pet weather safetyHot, humid days in the Gulf can be expected… just listen to the steady hum of air conditioners kicking on across the neighborhood. Our pets can also experience discomfort – and even some danger – during the scorching summer months. You may also be surprised to learn that many pets are quite prone to heat exhaustion, heatstroke, and dehydration.

Take some time to learn more about hot weather pet safety and what you can do to keep your pet cool.

The Basics of Heatstroke and Dehydration

When it comes to humans, it isn’t hard to tell when we’ve become a bit too warm – we become thirsty and tend to sweat. Pets, on the other hand, are limited to minimal perspiration from their paw pads. Panting (for dogs) and simply avoiding activity during hot times of day (like our kitty friends) seem to top the list of innate defense mechanisms against becoming too hot.

Unfortunately, many pet owners take the wild origins of their pets for granted, assuming they’re able to handle all forms of inclement and extreme weather, which puts many pets in peril. In fact, veterinary heat related emergencies are very common – including heatstroke.

Heatstroke (hyperthermia) is a condition that happens when a pet has been exposed to high temperatures, in which the body loses more moisture than it’s able to take in, resulting in a spike in body temperature.

Signs of heatstroke include:

  • Excessive panting
  • Glazed eyes
  • Rapid respiration
  • Excessive thirst
  • Lack of coordination
  • Lethargy
  • Vomiting
  • Red or purple hue to tongue/gums

Collapse and/or seizure is also possible without rapid intervention. Consider heatstroke an emergency. Call us right away and get your pet to an air conditioned area immediately.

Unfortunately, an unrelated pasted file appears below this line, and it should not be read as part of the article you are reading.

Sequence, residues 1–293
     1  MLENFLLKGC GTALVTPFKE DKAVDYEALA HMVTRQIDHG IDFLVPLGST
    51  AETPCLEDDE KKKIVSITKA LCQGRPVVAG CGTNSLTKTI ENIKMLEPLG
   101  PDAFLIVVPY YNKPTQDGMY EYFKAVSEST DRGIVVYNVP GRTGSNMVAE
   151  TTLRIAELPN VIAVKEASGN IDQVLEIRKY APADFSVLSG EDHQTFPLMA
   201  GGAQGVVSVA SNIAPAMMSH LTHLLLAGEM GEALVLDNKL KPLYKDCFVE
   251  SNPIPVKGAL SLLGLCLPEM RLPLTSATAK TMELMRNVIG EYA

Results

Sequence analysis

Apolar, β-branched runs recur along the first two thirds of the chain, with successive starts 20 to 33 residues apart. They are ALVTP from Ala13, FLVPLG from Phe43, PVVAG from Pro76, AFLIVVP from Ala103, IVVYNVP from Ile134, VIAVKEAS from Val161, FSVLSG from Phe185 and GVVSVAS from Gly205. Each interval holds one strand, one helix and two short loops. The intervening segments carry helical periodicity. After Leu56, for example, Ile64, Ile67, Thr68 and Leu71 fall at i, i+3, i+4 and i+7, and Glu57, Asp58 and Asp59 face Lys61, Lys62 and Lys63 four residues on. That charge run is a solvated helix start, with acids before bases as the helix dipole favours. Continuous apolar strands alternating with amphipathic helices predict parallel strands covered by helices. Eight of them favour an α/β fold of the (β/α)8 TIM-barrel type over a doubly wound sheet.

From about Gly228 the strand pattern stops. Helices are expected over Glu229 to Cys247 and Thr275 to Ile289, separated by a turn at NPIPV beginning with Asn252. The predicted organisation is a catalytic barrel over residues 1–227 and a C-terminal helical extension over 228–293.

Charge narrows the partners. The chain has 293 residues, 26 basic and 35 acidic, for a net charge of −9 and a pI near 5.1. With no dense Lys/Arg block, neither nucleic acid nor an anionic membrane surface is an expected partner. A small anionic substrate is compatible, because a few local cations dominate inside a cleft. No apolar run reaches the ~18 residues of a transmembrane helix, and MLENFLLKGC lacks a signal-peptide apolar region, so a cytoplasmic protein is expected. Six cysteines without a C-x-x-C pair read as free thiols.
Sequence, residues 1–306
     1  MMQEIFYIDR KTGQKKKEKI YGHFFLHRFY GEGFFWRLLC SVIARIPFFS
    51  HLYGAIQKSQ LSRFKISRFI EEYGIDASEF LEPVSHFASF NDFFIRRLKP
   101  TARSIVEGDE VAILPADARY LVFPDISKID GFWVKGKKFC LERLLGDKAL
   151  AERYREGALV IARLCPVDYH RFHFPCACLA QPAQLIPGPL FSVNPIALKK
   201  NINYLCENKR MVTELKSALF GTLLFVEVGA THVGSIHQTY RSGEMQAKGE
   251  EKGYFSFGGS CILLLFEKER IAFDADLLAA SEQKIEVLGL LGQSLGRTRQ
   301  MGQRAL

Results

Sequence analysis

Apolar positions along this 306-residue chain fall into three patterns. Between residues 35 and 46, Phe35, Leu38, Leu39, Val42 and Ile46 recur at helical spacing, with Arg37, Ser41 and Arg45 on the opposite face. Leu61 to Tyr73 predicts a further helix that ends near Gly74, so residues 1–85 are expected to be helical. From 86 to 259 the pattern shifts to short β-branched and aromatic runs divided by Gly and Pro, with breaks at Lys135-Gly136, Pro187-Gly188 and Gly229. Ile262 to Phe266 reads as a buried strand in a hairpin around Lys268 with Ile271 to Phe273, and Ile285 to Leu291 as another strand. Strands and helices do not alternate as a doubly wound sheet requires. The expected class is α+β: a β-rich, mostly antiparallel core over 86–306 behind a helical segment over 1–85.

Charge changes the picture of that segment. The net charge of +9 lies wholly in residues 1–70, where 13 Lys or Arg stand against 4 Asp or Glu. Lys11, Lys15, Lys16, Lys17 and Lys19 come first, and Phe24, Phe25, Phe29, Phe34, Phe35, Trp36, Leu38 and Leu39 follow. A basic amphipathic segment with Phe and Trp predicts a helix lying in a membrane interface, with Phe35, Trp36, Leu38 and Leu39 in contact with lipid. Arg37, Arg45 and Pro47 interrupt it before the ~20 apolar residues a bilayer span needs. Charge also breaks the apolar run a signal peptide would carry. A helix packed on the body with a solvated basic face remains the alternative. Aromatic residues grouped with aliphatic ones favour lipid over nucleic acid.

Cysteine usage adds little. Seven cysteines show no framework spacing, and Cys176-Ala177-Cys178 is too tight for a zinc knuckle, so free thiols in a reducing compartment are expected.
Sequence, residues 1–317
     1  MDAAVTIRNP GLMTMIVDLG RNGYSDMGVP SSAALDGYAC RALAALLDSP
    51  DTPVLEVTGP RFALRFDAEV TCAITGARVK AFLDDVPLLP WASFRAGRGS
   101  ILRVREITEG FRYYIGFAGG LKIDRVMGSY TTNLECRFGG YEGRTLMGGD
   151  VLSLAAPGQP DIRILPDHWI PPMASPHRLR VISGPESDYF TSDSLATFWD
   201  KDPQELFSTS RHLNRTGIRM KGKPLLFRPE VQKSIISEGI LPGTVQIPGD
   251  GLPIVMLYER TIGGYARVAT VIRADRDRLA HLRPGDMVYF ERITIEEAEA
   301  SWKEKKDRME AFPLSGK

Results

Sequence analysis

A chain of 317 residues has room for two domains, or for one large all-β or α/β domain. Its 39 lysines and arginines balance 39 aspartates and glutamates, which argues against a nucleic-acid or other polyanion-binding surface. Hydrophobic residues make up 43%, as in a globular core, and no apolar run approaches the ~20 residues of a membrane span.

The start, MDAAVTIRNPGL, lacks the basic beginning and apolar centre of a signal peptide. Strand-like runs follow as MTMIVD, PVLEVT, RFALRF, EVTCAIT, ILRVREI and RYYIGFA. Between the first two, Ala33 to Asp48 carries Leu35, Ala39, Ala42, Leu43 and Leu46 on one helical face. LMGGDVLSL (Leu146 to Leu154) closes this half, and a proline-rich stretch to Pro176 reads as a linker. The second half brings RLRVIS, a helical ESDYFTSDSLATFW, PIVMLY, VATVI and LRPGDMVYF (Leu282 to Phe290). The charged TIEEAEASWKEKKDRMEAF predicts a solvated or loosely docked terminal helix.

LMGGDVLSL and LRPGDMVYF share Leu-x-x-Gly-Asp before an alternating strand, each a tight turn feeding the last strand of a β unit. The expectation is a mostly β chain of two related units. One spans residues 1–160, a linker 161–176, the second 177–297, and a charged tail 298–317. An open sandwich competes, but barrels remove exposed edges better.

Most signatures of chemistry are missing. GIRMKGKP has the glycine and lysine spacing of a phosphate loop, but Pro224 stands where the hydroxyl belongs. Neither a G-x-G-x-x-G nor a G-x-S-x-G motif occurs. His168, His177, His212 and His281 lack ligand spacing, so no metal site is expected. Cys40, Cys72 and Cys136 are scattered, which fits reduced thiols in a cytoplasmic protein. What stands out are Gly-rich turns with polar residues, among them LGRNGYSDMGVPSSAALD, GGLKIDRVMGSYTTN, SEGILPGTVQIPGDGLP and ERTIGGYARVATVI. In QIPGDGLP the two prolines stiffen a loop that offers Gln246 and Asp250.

Dehydration is also a common condition for pets who are very active or do not consume enough water (which is true for many cats). Dehydration is also a problem for pets with underlying medical conditions, such as kidney disease and diabetes.

You can encourage your pet to drink more often by keeping multiple bowls of fresh water around the home and yard. Cats will often drink more if they’re enticed by a fountain type dispenser or by adding some tuna juice for flavor.

Hot Weather Pet Safety

While heat related dangers can be frightening, taking simple steps to keep your pet cool is a breeze:

  • Bring outdoor pets inside, and keep the temperature comfortable through the use of air conditioning and fans, even while human family members are away.
  • Limit your pet’s outdoor activity on hot, humid days – especially those pets with health issues, young puppies/kittens, senior pets, and brachycephalic breeds like pugs and bulldogs.
  • Carry water with you whenever you and your pet are out and about, even on car trips.
  • Add ice cubes to your pet’s bowl to help keep water cool and inviting.
  • When you’re outdoors, make sure to monitor your pet closely. Head inside at any sign of discomfort.
  • Seek shady spots to rest whenever you’re on a walk or enjoying the outdoors with your pet.
  • Take daily walks early in the morning or during the evening. You’ll still have a good amount of light, but you’ll avoid the worst of the mid-day heat.

Beating the heat can be hard for all of us during the summer, but our pets depend on us for safety and care. For more tips, please contact your friends at Hallsville Veterinary Hospital.